Taqueria Distrito Federal is located about half-mile from the above-mentioned metro stop.  Heading north, one notices the effects of gentrification petering off as the buildings look more aged and the din of the streets pulsating with rhythmic lilts of salsa and merengue, in addition to a growing density of Latinos and less of the gringo.  TDF is on the ground level of what looks like a townhouse with a small patio area for al fresco dining, prime dining property compared to the rather cavernous inside. Once seated, I was regaled with a bowl of creamy green salsa with some thin fried nachos.  Not thinking much of the usual pedestrian offering, I took a small bite while I was perusing the menu. Immediately, I sensed that this was a different type of salsa.  My investigative tongue was analyzing the interesting notes, coming up with a slightly smoothness from the avocado, some front-mouth heat from jalapeño peppers, herbaceous from a hit of cilantro, and tartness from a good dose of lime juice (not so limey, unfortunately, on another visit). Before I knew it, I was making some dent in the basket of chips which supported the limelight (pun intended) on  the salsa.  The drink offerings were the perfect accompaniment to the nachos.  On one visit, it was Jamaica, Hibiscus flower water, with its slight floral notes and its soft berry-like puckeriness.  Another visit’s liquid was Marañon, Cashew fruit juice, which I appreciated for its unique fruitiness with a gentle tannin-like quality.  In addition, other drinks are the usual Mexican/Central American offerings of Horchata,  Tamarindo, and Jarritos (Mexican sodas made with REAL sugar).  Authenticity definitely starts here indeed.

Tostada de PescadoThe menu offers primarily Mexican street-fare that are relatively small bites.  I could not help but zone in on the Tostadas, and on one visit, the topping of choice was fish.  The crispy fried corn tortilla was nice and crispy, strong enough to support the layers of slightly smokey mashed black beans, the fish, a handful of crisp lettuce, and a slathering of light crema, Mexican sour cream (less sour than the usual) along with shaved mild Mexican cheese.  But what really got my attention was the fish that was cooked firm but the right texture for this dish and tasting well-seasoned.  I was curious to what type fish was being used, guessing Red Snapper.  The waitress said it was Tilapia – seriously?  There was no hint of the dreaded muddiness sometimes associated with the fish, and I was enjoying every morsel of that sea protein.   This was definitely delicioso especially given that it was that fish of choice.  Another trip’s order was made with shrimp which was not so exciting for the red bean paste was a bit flavorless and the shrimp not as tasty as the fish version.  Other versions can be ordered with different meat topping but seafood is the way to go for me with this crispy tortilla bite.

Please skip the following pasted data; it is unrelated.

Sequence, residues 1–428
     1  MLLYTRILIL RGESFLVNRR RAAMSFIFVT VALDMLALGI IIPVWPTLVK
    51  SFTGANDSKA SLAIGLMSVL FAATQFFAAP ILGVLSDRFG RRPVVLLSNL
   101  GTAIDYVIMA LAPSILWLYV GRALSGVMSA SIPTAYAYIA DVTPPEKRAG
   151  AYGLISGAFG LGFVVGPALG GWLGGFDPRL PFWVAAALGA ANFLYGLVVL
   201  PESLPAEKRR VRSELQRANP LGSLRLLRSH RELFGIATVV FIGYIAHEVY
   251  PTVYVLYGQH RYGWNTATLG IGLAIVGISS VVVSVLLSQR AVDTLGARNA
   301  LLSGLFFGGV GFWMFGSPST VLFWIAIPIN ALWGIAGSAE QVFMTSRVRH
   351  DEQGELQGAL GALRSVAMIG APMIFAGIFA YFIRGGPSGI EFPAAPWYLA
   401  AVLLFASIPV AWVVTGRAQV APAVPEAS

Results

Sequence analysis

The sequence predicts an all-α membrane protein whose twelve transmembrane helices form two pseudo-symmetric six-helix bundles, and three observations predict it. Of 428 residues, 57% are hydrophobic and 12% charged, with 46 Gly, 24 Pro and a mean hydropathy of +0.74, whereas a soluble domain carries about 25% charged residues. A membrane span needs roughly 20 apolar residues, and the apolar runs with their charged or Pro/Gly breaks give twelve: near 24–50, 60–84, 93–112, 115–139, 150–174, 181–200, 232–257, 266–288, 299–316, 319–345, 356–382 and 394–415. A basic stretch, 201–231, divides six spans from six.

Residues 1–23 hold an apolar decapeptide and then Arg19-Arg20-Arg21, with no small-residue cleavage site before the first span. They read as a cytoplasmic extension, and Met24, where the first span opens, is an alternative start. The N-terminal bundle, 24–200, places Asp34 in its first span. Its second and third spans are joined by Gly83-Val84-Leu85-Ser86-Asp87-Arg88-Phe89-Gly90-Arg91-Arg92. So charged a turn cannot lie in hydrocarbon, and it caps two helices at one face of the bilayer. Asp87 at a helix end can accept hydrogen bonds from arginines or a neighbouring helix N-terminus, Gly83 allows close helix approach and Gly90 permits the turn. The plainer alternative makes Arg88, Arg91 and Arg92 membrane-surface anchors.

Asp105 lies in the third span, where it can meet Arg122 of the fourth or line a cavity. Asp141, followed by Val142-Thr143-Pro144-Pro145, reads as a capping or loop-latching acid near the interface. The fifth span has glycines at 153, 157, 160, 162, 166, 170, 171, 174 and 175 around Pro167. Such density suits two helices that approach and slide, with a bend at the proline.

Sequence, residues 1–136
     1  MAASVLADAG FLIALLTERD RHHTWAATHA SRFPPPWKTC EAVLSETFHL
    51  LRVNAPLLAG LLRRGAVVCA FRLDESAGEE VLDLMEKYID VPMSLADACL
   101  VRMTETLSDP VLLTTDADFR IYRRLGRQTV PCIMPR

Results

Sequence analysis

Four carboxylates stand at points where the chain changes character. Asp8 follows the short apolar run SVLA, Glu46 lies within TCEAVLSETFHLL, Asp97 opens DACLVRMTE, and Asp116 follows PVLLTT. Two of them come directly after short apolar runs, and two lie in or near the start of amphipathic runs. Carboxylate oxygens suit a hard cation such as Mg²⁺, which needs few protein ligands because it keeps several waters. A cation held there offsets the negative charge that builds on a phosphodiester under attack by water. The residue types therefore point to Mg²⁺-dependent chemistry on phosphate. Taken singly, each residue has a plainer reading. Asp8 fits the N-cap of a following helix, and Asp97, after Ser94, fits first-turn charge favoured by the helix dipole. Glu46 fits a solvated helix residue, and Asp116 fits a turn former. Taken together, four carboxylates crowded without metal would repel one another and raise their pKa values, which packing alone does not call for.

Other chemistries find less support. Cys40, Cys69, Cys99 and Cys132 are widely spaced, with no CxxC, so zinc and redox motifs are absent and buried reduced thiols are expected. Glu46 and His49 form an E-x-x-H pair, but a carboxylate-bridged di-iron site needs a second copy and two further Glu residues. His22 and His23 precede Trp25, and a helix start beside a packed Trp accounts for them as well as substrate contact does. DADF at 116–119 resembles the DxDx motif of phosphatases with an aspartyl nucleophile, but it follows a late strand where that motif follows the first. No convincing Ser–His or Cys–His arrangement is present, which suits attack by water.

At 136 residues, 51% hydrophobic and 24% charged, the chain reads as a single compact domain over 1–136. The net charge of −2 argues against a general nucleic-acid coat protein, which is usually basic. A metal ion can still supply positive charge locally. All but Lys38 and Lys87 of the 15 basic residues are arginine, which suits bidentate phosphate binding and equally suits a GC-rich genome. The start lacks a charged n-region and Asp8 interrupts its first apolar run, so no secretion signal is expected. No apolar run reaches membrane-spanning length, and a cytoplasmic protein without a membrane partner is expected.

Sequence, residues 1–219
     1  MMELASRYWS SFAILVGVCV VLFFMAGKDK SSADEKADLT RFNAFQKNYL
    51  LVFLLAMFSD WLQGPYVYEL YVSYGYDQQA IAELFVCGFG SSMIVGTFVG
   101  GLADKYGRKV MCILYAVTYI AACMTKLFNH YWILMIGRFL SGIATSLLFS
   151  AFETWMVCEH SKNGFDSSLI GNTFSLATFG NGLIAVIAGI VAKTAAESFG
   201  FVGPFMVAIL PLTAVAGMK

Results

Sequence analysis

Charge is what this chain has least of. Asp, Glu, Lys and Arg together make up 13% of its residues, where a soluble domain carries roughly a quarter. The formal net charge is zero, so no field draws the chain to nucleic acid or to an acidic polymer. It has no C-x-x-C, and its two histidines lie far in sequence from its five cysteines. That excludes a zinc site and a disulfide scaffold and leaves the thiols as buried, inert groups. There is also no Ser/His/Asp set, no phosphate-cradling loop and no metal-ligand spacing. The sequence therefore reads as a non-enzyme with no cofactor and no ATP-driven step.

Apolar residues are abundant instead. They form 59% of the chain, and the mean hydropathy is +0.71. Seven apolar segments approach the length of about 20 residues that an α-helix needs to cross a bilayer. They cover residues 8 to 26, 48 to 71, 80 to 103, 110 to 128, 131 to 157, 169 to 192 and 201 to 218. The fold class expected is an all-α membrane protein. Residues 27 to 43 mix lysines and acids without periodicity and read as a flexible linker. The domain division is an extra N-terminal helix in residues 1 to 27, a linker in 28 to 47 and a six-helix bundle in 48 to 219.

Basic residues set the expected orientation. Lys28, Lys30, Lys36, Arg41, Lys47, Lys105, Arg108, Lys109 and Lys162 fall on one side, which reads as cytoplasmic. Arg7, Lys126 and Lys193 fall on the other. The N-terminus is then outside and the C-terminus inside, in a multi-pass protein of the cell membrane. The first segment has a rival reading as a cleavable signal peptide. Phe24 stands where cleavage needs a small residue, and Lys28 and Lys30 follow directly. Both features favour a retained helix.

Taco de Camarón

Taco al PastorBeing a Mexican taqueria, TDF’s menu highlights its taco offerings. An order for lunch one day was made with the tilapia fish, tasting similar to the tostada on the same visit.  Pieces of fish came sitting on a couple of small tortillas, tasting fairly fresh and with its corn notes, but perhaps store bought since it didn’t have the hand-made appearance judging by the perfectly round shape.  In addition to the protein, a topping of ripe avocado slices, sweet white onion and cilantro, with a lime wedge was its simple accompaniments.  And that’s all is really needed for this dish as to not overwhelm the palate with strong flavors.   A friend’s order of a trio made with shrimp on another visit looked very appetizing and beautifully presented.  One taste of his taco pointed to fresh plump shrimp, slightly marinated in perhaps reddish achiote and a hint of chili powder.  Moving beyond seafood, a dinner order made with barbacoa, goat, was a bit too much for the sitting.  The pieces of meat were a bit tough, although well seasoned with achiote and chili, and it was sitting on a small pool of reddish oil on top of the tortillas.  The strong flavors of this meat was a bit overwhelming and off putting.  Another order on another visit was on the safer side.  Taco al Pastor came with pieces of beef that was also marinated the similar fashion as above (like how it is done South of the Border, according to a Puerto Rican friend who has visited the capitol), with the cut of meat tasting well-seasoned, mild in meat flavor, and tender to the bite.  Other taco offerings are made with interesting cuts of meat, such as beef tongue, tripe, and chorizo (Mexican spicy sausage).  Here there is a taco for everyone, from the risk-taker to the not-so.

Mexican Pork in Green Sauce